If you live in Central Ohio - or if you're a fan of college football - you know that the Buckeye is kind of an Ohio Thing. We're all about our Bucks on Saturday afternoons in the fall. However, what not everyone knows is that the Buckeye is not just a football team, it's actually a nut - a horse chestnut that grows in a lot of midwestern states. Okay, so what does that have to do with cheesecake?
Well, there's a candy version of the Buckeye - you can't eat a horse chestnut, they're disgusting and also more than a little bit toxic. So instead, every fall, those of us who live in the land of the Scarlet and Gray make dozens and dozens of Buckeye candies - it's basically a ball of peanut butter and powdered sugar dipped in a chocolate coating. It's cute, it's easy to make, and it's delicious.
So. Thanksgiving rolls around at Chez In-Laws', and I know darn well there will be two pies. A pumpkin one and an apple one. Both are probably tasty, and both are a disaster if you have a gluten allergy. So I started pondering the idea of what I could make that was gluten free, but still seasonal and not apple or pumpkin.
Hence, the Buckeye cheesecake. It's quite possibly the most incredible thing I've ever come up with. I made the cheesecake part a day ahead so it could firm up before I topped it with ganache, but I probably didn't need to, because it firmed up nicely in just a couple of hours. I think this is going to be my new go-to dish when I need to bring a dessert, because it's melt-in-your-mouth amazing.
Anywhere, here's what you'll need.
2 Cups GF graham cracker crumbs
1 stick butter, melted
1/2 Cup sugar
Blend the crumbs, butter, and sugar together, and press into a lightly greased pie plate to form the crust. I've found that if you're grinding up your own graham cracker crumbs, one box of Kinnikinnick's S'moreables graham cracker cookies is exactly the right amount for a pie crust recipe.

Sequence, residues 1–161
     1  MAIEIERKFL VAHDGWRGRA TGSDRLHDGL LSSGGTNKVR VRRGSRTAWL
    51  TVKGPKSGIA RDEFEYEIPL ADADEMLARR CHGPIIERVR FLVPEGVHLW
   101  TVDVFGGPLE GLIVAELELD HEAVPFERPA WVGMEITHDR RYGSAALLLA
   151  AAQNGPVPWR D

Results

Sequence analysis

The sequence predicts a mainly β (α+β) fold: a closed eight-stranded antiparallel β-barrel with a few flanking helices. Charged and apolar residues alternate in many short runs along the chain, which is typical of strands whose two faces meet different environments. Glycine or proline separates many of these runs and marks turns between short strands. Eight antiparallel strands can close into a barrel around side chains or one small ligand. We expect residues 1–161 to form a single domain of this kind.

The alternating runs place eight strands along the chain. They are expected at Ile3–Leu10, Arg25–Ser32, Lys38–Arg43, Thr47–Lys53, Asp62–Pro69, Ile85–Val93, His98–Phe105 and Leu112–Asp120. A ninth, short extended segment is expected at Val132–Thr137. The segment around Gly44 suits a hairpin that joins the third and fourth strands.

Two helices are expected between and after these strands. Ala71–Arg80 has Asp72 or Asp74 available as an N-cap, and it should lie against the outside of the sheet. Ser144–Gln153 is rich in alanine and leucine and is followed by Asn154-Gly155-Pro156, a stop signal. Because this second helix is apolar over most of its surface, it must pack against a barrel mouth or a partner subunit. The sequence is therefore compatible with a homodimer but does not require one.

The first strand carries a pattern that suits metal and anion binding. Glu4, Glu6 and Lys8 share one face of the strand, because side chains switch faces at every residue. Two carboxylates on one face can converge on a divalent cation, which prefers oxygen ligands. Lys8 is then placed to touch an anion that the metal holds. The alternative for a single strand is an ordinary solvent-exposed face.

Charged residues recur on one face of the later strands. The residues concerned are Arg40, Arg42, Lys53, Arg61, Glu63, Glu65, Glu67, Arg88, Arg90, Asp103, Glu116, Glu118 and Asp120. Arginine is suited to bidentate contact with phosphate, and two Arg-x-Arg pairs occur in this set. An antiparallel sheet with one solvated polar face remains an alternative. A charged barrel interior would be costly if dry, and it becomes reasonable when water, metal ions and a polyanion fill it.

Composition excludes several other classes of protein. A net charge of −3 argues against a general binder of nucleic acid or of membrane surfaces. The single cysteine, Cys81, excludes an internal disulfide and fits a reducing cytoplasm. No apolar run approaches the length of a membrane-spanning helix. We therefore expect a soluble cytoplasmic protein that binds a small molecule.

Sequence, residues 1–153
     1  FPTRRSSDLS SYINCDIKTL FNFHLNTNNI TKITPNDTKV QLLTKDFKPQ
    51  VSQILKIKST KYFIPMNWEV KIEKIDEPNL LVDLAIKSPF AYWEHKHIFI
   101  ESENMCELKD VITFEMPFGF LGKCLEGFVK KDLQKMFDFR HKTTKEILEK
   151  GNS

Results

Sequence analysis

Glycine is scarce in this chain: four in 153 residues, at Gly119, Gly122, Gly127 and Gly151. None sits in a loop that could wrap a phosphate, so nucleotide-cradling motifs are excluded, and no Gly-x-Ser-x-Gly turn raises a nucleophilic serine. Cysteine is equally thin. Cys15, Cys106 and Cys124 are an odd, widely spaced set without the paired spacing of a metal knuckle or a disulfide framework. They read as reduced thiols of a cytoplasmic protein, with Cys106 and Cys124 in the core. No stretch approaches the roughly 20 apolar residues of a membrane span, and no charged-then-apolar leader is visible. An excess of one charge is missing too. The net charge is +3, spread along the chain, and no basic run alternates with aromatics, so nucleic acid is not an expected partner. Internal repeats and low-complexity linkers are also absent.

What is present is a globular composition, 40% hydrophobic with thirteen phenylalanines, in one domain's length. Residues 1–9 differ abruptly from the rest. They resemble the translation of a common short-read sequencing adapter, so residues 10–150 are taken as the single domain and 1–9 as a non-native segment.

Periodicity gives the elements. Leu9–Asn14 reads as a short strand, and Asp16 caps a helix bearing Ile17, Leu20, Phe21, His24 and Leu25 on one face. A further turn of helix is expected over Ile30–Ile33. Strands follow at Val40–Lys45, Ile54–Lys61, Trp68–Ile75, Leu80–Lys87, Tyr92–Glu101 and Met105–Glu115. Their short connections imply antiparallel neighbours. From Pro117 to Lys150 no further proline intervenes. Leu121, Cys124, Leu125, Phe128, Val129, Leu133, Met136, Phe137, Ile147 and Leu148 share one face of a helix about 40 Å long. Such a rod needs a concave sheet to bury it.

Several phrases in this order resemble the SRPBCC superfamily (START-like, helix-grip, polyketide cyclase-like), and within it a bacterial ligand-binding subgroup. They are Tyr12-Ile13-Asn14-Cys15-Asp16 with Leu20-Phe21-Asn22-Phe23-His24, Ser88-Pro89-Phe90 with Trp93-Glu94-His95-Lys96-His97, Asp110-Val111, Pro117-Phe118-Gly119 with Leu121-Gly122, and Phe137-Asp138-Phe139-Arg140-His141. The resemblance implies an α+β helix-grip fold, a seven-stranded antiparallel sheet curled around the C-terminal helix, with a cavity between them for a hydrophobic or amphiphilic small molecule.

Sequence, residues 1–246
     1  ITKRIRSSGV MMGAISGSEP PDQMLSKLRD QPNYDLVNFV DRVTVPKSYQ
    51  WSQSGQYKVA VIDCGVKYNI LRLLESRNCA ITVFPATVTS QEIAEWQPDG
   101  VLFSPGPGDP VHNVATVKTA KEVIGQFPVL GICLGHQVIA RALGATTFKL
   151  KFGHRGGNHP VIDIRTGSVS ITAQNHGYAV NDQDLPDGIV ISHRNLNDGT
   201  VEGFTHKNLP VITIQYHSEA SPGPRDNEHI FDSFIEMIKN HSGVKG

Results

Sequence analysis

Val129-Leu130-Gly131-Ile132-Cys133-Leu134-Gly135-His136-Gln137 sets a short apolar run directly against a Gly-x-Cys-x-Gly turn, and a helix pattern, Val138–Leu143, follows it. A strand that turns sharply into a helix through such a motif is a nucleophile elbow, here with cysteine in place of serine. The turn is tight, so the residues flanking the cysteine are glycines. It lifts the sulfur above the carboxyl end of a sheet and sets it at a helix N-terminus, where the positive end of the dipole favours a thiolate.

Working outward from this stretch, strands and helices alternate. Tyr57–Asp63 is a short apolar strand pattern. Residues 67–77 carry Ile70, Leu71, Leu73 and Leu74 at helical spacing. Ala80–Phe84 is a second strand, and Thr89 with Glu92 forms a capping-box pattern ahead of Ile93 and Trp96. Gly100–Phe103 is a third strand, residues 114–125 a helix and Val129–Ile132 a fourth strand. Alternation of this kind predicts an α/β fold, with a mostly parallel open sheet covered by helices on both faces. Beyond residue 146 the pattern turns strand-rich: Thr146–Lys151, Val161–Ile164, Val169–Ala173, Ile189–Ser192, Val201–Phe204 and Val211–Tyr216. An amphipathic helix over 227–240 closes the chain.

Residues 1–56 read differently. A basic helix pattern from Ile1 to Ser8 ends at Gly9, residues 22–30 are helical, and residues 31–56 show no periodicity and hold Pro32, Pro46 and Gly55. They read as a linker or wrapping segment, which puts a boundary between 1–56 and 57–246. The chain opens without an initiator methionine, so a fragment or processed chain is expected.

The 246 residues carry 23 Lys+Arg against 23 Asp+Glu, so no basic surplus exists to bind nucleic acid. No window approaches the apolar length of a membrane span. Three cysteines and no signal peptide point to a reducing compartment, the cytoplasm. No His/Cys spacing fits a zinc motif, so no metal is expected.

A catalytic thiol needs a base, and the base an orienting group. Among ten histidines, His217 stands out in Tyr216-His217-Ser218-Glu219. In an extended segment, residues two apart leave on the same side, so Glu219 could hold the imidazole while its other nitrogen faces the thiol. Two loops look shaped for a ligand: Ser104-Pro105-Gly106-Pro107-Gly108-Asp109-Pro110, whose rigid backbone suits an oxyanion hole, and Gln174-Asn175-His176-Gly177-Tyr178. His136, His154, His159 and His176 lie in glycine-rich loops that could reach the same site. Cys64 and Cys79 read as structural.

2 8-oz packages cream cheese
1 Cup creamy peanut butter
1/4 Cup heavy cream
1/2 Cup brown sugar
1 tsp vanilla
Soften the cream cheese in the microwave. Add the peanut butter, heavy cream, brown sugar and vanilla, and then mix on medium speed until nice and creamy. Spoon it into your pie crust. Refrigerate until firm - I let mine sit overnight, but it was actually pretty firm in just a couple of hours.
1 Cup heavy cream
8 oz. baker's chocolate
Pinch of salt
This is just a basic ganache topping. Heat the cream in a saucepan, stirring so that it doesn't burn. Add the chocolate, and whisk until melted - it's going to be easier if you chop your chocolate into small pieces. Add a pinch of salt, and continue stirring until smooth. Remove from heat for ten minutes, then pour over the cheesecake, spreading out until you reach the edges. Refrigerate for an hour or so to let the chocolate cool.
All kidding aside, this was one of the most spectacular things I've eaten in ages. I'll even go as far as to say it makes twelve servings, because it's very rich, and if you slice that cheesecake into just eight pieces, you'll slide into a delicious Buckeye-induced coma.